Pablo Schreiber's Orange Is the New Black character has the sadism of Joffrey Baratheon and the mustache of Tom Selleck, an unlikely combination which somehow turned Pornstache into a runaway success. We talked to Schreiber about the surprising reaction to his character, what's in store for Season 2 and whether his real-life facial hair is up to snuff.
Bad news, Alex Vause fans. Despite Netflix's (soft) denials that Buzzfeed's report about Laura Prepon's impending departure from Orange Is the New Black are "inaccurate," a source close to the show confirms to TVGuide.com that her character's story line is indeed set to wrap up early in Season 2.
According to the insider, Prepon hasn't been on set since production began on the second season weeks ago, and when she does return, it won't be for long.
What's it like to play the villain on the most talked-about show of the summer? Orange Is the New Black star Laura Prepon wouldn't know — because she doesn't see her character, Alex Vause, in that light.
"When the show first starts, you think that ... Alex is this evil person," Prepon admits. "And then as the show progresses .... you start to see that Alex — at the end of the day, yes, she's a drug dealer — but you see that she's a vulnerable person and she has really intense feelings and love for [Piper]."
There's something really special happening in television right now. Jenji Kohan'sOrange Is the New Black not only features a nearly all-female cast depicting a diverse spectrum of race, sexuality and body types, but it also includes a trans woman of color actually playing a trans woman of color — a first on mainstream television.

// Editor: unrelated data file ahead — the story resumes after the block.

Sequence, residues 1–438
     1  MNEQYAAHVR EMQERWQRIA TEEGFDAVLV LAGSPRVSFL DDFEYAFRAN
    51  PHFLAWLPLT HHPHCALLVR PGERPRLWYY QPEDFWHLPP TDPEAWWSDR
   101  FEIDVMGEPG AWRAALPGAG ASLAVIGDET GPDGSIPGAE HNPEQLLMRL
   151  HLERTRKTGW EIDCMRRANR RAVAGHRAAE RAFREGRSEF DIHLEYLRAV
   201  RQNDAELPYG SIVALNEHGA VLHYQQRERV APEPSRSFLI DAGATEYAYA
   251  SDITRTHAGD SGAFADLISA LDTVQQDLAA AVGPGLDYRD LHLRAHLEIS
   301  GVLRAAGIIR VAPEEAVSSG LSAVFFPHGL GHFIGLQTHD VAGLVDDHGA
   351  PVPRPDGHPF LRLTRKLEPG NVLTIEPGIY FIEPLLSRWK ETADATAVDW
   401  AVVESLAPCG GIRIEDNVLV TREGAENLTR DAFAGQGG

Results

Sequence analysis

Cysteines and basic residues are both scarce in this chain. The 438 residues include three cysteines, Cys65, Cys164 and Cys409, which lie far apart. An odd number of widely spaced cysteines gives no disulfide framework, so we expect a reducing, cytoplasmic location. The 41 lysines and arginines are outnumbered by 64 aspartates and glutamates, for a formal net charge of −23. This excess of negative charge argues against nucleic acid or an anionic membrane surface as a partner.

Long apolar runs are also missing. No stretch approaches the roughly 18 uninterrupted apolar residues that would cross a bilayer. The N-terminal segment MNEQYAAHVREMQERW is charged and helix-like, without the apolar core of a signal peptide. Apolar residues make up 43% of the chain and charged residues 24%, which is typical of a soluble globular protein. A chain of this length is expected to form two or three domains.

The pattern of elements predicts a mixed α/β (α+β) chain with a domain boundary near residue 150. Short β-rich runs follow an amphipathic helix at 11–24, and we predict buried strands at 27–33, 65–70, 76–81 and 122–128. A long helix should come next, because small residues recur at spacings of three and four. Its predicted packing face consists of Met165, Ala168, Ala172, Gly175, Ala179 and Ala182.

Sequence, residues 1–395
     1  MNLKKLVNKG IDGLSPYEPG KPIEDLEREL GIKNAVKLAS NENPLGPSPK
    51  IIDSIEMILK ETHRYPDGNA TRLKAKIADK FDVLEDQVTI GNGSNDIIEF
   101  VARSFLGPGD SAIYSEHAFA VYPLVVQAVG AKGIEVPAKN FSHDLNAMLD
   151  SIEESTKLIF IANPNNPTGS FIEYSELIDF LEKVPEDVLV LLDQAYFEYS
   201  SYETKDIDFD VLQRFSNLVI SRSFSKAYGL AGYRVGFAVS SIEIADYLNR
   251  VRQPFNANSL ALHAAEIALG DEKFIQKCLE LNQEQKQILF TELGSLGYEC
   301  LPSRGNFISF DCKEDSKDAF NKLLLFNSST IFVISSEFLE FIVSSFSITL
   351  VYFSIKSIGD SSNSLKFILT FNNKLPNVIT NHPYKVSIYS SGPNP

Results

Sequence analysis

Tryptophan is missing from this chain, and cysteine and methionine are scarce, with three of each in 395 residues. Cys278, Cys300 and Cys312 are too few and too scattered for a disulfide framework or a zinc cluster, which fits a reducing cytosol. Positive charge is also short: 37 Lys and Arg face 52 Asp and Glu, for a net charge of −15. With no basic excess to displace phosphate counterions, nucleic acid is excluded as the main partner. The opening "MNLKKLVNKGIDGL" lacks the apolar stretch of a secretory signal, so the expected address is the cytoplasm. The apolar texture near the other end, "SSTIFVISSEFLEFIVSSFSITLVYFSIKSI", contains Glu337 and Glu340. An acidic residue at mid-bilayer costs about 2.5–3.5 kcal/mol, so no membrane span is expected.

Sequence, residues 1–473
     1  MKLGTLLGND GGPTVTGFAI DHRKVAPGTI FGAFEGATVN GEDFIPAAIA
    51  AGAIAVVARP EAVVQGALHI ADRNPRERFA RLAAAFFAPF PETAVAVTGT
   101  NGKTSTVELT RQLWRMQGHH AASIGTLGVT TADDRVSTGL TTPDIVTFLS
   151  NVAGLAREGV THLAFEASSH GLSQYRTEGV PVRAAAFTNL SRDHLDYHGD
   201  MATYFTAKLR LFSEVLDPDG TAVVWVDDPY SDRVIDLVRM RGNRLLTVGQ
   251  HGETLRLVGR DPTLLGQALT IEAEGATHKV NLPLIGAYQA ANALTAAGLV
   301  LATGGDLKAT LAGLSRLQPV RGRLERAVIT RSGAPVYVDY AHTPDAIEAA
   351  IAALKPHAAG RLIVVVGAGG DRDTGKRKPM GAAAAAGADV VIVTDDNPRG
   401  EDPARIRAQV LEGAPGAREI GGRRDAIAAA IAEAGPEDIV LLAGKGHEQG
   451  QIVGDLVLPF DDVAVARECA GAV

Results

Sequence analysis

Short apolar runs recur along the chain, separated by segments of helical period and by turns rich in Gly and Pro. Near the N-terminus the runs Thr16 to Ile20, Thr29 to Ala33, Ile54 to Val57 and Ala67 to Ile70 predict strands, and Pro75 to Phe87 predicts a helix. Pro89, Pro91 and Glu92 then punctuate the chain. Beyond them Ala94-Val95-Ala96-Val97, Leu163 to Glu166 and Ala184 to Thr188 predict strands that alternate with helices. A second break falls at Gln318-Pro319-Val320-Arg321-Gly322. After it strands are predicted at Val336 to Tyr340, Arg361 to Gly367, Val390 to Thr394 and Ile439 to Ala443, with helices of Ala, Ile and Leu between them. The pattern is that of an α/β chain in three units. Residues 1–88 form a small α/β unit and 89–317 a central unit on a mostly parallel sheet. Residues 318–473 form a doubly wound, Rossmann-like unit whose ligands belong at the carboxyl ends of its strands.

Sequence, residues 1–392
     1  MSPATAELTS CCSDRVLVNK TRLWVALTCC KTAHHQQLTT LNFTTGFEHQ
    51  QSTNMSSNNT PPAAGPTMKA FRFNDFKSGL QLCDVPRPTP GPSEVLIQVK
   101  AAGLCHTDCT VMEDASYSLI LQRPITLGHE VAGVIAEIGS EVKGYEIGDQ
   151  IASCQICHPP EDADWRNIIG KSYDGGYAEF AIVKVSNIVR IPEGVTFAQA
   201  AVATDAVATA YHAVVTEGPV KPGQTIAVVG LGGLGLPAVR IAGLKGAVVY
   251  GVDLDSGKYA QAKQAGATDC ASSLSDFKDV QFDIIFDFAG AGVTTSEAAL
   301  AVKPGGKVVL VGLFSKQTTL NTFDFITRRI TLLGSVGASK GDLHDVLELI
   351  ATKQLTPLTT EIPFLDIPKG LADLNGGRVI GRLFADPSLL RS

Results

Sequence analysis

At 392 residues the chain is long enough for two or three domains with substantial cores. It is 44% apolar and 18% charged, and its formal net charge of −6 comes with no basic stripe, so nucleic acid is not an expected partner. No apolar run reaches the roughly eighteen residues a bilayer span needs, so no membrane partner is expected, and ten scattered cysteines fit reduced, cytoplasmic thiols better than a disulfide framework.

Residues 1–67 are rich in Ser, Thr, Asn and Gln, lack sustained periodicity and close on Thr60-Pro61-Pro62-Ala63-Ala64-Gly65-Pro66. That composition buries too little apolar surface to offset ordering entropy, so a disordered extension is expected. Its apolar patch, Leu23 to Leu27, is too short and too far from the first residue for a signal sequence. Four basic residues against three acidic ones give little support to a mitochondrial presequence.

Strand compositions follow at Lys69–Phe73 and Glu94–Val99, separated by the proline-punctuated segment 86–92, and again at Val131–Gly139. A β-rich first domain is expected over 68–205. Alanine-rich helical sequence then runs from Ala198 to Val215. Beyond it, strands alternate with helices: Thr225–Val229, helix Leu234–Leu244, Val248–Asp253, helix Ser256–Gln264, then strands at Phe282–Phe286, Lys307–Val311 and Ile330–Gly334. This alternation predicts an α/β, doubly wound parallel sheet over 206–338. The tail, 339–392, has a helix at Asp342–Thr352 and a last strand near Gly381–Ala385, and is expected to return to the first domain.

Former reality star and producer Laverne Cox plays Sophia Burset, a firefighter whose wife Crystal is less disturbed by her transition than her decision to steal credit cards.
Remakes (House of Cards) and reboots (Arrested Development) are one way to go when establishing a brand — let's just forget about the atrocious Hemlock Grove for now — but with Orange Is the New Black, Netflix finally achieves its eureka moment with a terrifically entertaining piece of original programming that's truly and bracingly original.
The setting, an upstate New York women's prison, isn't all that new, but Orange — adapted by Weeds' Jenji Kohan from a memoir by Piper Kerman — makes it fresh by mining a deep vein of absurdist humor with an unexpectedly generous empathy for the outrageous characters its overwhelmed heroine encounters in her nightmare odyssey behind bars. When anxious Piper Chapman (a wryly understated and immediately sympathetic Taylor Schilling) is being processed to start her 15-month sentence, she's assured this isn't OZ — and it also isn't Chained (or Caged) Heat. This show is much cooler than that.